Libya, however, is split down the middle and displays broader regional rivalries between the supporters of the political Islamists of Muslim Brotherhood — Turkey, and the monarchies who consider the political Islamists a threat to the continuation of their rule, the United Arab Emirates (UAE) and the Kingdom of Saudi Arabia.

Turkey backs the Tripoli-based Government of National Accord (GNA) affiliated with the political Islamists, while the UAE backs Benghazi-based Field Marshal Khalifa Haftar and his outfit called the Libyan National Army (LNA).

In Libya, the militias backed by the Turks gained an upper hand in recent fighting while in Egypt, the UAE scored above the political Islamists. It backed General Abdel Fattah el-Sisi’s coup against the Muslim Brotherhood; President Mohamad Morsi, who had come to power after Mubarak was ousted. The UAE successfully ensconced a pliable Sisi as Egypt’s president.

The revolutions were certainly inspiring — and for a time — made many Arabs and the world believe that the troubled region was finally moving towards adopting modern democracy. So what went wrong?

Many experts say that liberals who participated in the protests were far outnumbered by their Islamist compatriots who were much more organised. These conservative and Islamist forces also sought jobs and an end to corruption but under more religious dispensations. Ten years later, the moderates and the liberals have dispersed and the political Islamists are in a battle with Arab monarchs.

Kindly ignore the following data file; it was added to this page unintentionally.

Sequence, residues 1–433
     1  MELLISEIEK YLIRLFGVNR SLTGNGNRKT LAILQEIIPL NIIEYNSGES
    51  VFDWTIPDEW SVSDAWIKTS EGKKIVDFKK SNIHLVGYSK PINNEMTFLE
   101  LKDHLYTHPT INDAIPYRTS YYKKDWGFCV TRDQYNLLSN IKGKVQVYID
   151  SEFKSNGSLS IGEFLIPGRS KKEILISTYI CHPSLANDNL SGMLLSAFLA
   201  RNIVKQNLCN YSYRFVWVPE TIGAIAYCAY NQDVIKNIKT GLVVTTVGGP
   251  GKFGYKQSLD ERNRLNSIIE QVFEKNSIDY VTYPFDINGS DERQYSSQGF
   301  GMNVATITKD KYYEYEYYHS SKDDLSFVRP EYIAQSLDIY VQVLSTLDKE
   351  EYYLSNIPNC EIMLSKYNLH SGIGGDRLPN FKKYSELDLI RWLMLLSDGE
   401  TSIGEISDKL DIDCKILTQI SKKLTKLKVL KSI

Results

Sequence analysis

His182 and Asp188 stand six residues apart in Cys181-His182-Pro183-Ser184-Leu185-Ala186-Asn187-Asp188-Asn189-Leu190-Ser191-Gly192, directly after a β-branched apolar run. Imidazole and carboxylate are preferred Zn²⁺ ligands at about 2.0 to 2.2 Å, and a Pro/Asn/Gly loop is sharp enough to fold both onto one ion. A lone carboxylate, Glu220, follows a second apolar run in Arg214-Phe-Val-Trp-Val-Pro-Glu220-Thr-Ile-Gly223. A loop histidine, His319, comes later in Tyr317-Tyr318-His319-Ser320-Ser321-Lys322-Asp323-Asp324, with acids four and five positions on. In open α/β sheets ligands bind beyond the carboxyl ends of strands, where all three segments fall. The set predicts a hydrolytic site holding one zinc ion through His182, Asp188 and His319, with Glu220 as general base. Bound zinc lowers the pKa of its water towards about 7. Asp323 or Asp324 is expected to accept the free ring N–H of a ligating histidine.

Interestingly, however, the only country where anti-corruption protests made significant headway was in India. Here the activists organised politically and formed a political party that later won elections in Delhi. Although these civil society members suffered a humiliating defeat in pan-India elections, many felt they at least have a platform to grow politically. The secret to the success of the movement in India was India’s democratic traditions.

In the Middle Eastern and African nations that erupted in protests, however, grassroots politics is a much more dangerous prospect.

The generals and the dictators had deliberately never let a moderate opposition emerge so the only groups which could challenge them were hardliners. Gaddafi’s Libya, Assad’s Syria, and Mubarak’s Egypt did not have political freedom and hence the moderate and liberal protestors could not form any political parties. Change is always supposed to be hard work, but especially in countries where rulers are unscrupulous and don’t mind killing millions to retain power.

And yet, even though all seems lost, the Arab Spring did result in more politically active Arab streets. It is hard to decipher what that means for the future of the Arab people. As of now, they have little hope of change, political or economic.

Observer Research Foundation

ORF was established on 5 September 1990 as a private, not for profit, ’think tank’ to influence public policy formulation. The Foundation brought together, for the first time, leading Indian economists and policymakers to present An Agenda for Economic Reforms in India. The idea was to help develop a consensus in favour of economic reforms.